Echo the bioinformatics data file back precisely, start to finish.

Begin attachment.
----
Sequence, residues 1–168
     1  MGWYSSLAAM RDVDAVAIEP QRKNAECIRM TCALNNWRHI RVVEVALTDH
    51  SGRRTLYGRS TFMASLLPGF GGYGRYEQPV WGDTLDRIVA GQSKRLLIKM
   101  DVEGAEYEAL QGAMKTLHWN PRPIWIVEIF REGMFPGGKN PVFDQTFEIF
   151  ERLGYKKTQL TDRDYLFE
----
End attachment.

Sequence, residues 1–168
     1  MGWYSSLAAM RDVDAVAIEP QRKNAECIRM TCALNNWRHI RVVEVALTDH
    51  SGRRTLYGRS TFMASLLPGF GGYGRYEQPV WGDTLDRIVA GQSKRLLIKM
   101  DVEGAEYEAL QGAMKTLHWN PRPIWIVEIF REGMFPGGKN PVFDQTFEIF
   151  ERLGYKKTQL TDRDYLFE